Yesterday was a warm day and a sweet reminder that better days are on their way. Seagulls dipped down low over the playground where my children played. The air carried the ocean smell, and the sounds of laughter despite a Pandemic. The best sound is children laughing. I pushed my neighbor’s child on a tire swing and I had my eyes on my son. I knew my daughter was across the playground with a friend and her mother. The sun was warm against my face and I felt happy. I let go of that stress and anxiety sitting on my shoulders and I breathed. The laughter behind me grew louder. I smiled at the kids on the playground with my back to the boys. It went on for a while (It went on for awhile) and I kept my eyes on my son. “What happened,” asked one of the little girls that I was pushing. Her eyes were incredibly dark and her little eyebrows shot down in concern. She pointed past me toward the boys laughing. “What happened,” she said again and aimed her finger past the boys and into a sea of trees.
I turned around at the boys who were swinging sticks and pointing laughing. They laughed so hard they almost fell over. A group of seven boys ages nine and up. Strong boys, healthy boys who had control over their bodies, control over the fluctuation of their tongues and words. I looked past their sticks and pointing fingers, past the parents who were staring in shock, and there, far off in the field standing on top of some shrubs was a little girl. She was stark naked this girl in the shrubs with her pants down to her ankles. Her face was distorted, mouth wide open screaming. She was tripping over, tumbling on the shrubs. She was crying hysterically in panic throwing her arms in the air while the boys pointed at her screaming and laughing. For a moment I didn’t recognize this little girl. She looked so frail out in that field. It was so shocking a scene that it reminded me of some type of war photo I’d seen. I was trying to recall where I had seen this picture before. Her little bare legs looked weak and tiny and her face was so intense that it took a hard second for it to hit me.
The laughter of the boys and their sticks.
I exploded into a full sprint with the roar of laughing caving in on me and the tire swing coming to a halt. The black, dark eyes of the girl on the swing piercing down on me. From the bird’s eye view I could see a shadow of myself small and running. I ran and ran and ran across the mud field, past the pine tree to the shrubs and I climbed them and I flung that little girl up and curled her into my arms and onto the ground. I breathed into her neck. I unzipped my jacket and wrapped it around her.
This moment reminded me of when she was born. She was always this fragile.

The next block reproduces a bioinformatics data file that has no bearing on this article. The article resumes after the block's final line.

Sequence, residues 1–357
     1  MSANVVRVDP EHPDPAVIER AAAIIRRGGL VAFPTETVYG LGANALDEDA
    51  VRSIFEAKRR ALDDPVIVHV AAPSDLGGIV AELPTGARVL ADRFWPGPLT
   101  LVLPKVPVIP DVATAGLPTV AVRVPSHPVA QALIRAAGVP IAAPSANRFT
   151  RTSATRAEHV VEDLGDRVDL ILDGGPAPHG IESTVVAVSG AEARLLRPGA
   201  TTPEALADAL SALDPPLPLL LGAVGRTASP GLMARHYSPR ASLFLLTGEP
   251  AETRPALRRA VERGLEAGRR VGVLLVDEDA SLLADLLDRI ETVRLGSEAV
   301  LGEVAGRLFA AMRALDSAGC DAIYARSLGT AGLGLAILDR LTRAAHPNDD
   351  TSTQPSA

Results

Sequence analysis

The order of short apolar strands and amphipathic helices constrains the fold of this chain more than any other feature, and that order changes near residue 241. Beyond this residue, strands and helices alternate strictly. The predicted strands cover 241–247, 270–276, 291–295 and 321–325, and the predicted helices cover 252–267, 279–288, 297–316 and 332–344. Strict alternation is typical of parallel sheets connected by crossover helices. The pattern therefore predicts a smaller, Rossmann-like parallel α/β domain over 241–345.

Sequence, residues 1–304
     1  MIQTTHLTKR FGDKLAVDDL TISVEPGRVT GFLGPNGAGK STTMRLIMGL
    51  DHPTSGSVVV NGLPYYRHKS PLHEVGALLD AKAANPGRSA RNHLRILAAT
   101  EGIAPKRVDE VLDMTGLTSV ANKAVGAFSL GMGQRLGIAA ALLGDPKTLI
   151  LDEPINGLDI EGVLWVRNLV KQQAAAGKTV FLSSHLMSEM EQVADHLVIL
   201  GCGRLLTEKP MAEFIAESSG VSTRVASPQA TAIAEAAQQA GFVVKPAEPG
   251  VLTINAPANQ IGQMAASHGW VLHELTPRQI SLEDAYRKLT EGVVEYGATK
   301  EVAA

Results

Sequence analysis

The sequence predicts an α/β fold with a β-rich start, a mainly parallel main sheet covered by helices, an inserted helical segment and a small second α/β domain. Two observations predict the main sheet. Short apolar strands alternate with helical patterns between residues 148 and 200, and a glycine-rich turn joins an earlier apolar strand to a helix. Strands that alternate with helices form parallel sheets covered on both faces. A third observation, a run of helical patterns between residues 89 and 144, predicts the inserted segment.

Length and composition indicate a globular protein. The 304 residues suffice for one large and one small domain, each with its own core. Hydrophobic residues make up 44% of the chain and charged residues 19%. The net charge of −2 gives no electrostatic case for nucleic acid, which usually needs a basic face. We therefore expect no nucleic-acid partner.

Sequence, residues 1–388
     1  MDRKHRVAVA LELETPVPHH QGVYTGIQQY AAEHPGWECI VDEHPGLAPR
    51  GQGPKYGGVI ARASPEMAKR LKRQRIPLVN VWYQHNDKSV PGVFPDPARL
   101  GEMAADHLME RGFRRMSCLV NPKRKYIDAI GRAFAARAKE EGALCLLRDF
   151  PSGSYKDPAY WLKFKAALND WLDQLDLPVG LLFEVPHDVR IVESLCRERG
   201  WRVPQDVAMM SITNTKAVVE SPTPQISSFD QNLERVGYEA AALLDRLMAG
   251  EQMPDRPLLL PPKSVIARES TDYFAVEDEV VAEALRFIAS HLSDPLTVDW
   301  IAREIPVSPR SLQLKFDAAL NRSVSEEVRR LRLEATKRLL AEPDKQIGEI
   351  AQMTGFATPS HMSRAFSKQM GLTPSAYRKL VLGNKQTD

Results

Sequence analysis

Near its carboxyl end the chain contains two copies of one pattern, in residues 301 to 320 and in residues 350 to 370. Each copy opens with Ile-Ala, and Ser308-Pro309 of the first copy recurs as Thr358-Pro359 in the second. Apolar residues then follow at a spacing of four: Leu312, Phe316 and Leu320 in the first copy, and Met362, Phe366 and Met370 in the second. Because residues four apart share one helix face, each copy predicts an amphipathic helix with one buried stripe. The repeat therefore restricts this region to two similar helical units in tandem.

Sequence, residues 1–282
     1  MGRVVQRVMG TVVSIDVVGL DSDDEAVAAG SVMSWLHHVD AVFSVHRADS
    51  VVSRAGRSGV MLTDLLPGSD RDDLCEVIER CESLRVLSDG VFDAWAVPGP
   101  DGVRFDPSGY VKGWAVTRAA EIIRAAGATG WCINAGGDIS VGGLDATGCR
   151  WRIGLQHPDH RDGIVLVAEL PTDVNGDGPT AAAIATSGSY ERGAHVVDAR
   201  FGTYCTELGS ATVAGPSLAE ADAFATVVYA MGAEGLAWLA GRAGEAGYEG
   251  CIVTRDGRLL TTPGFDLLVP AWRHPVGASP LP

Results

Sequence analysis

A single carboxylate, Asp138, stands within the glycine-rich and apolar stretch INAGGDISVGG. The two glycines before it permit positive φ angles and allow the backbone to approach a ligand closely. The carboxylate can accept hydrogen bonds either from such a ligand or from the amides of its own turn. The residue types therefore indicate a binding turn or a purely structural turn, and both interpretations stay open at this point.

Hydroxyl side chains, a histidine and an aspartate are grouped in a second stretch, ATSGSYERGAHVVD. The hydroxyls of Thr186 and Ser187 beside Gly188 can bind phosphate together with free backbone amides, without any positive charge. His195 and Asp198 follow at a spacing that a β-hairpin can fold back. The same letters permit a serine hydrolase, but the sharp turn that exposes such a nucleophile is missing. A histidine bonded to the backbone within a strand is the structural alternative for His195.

Now she was sobbing.
“I’m sorry, I’m sorry,” I said to that little girl.
“My pants!” She screamed. “My pants are wet! Mommy, pants! No!”
We sat forever. I was afraid to turn my head to all that was behind me. I helped talk her through the little bit of water that got on her knee. I used every tool and strategy I know to bring her back to a place of calm. When we got up the boys had dispersed and mother’s looked awkwardly away. With all the skills she’s taught me from moments like these I managed to diffuse her meltdown: we switched clothes and with dried streaks of tears on her face she somehow found her way back to a friend. I wanted to leave but as always I refused. This playground visit would be saved and I was not going to give up. With legs weak I heard the similar nauseating laughter again.
“Oh my god, did you see that?” They said, “It was so nasty. She was just standing there. Oh my god, dude. It was crazy! That was so nasty, dude! She was just standing there, screaming.” They could not stop laughing as they told their older brother about what had happened. I felt my fists clench and sour in my throat when I spit the words out one-after-the-other: “Next time you see someone having a hard time and crying you should approach them and ask them if they are okay,” I said it loud and awkward and the playground became quiet.
The wind slapped my face and hair stuck to my lips: “I’m not sure why you would point at a little girl who is crying. You laughed at her. They laughed at her!” I yelled this looking frantically around as if someone would nod their head in agreement that it was disgusting and wrong.
“Why would you laugh at a little girl? What made you think it’s okay to laugh at someone who is crying?” I was trembling and did not realize I was still holding her wet pants in my clenched hand.
“We didn’t know she was crying–we didn’t point–we thought the kid…” one of the boys mumbled.
The girl in the shrubs. The brown eyed curly hair girl in the shrubs she’s my daughter. Every now and then I let my guard down and I think it’s okay. I can take my eyes off of her for a moment, it’s okay but it’s not okay. The girl in the shrubs she’s autistic and among the dozens of other things she’s worked on she is also working on tolerating her clothes getting wet and not taking them off in public. For my daughter it is a terrifying, horrible experience to have just a drop of fluid on her clothes. I should’ve paid more attention and I should not have let it happen. The girl in the shrubs is the sweetest most caring little five year old. The butterfly loving flapping singing dancing little girl she is a gem-one-of-a-kind girl. My little girl would offer you her seat and give you a compliment when she met you. She loves birds and bees and she is always listening. She would be your friend and smile at you. Her heart is so kind and full. The girl in the shrubs she’s my girl, my Willow.